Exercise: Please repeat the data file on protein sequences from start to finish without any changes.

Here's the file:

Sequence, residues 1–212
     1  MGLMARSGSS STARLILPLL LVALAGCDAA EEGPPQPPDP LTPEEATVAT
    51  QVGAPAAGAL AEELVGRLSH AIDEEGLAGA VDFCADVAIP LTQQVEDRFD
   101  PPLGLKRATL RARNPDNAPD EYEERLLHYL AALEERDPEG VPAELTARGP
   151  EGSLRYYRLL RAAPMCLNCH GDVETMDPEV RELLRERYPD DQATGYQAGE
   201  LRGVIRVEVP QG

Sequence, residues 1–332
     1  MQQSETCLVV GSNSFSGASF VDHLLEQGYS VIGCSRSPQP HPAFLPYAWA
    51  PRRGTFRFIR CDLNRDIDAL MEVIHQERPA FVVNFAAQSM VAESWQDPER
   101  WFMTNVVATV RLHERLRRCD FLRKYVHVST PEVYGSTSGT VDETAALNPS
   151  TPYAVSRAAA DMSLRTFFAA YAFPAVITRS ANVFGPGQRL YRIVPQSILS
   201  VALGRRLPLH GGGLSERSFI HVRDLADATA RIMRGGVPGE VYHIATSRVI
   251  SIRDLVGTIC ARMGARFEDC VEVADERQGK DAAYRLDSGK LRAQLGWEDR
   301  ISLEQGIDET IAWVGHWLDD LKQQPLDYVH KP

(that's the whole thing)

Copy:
Sequence, residues 1–212
     1  MGLMARSGSS STARLILPLL LVALAGCDAA EEGPPQPPDP LTPEEATVAT
    51  QVGAPAAGAL AEELVGRLSH AIDEEGLAGA VDFCADVAIP LTQQVEDRFD
   101  PPLGLKRATL RARNPDNAPD EYEERLLHYL AALEERDPEG VPAELTARGP
   151  EGSLRYYRLL RAAPMCLNCH GDVETMDPEV RELLRERYPD DQATGYQAGE
   201  LRGVIRVEVP QG

Sequence, residues 1–332
     1  MQQSETCLVV GSNSFSGASF VDHLLEQGYS VIGCSRSPQP HPAFLPYAWA
    51  PRRGTFRFIR CDLNRDIDAL MEVIHQERPA FVVNFAAQSM VAESWQDPER
   101  WFMTNVVATV RLHERLRRCD FLRKYVHVST PEVYGSTSGT VDETAALNPS
   151  TPYAVSRAAA DMSLRTFFAA YAFPAVITRS ANVFGPGQRL YRIVPQSILS
   201  VALGRRLPLH GGGLSERSFI HVRDLADATA RIMRGGVPGE VYHIATSRVI
   251  SIRDLVGTIC ARMGARFEDC VEVADERQGK DAAYRLDSGK LRAQLGWEDR
   301  ISLEQGIDET IAWVGHWLDD LKQQPLDYVH KP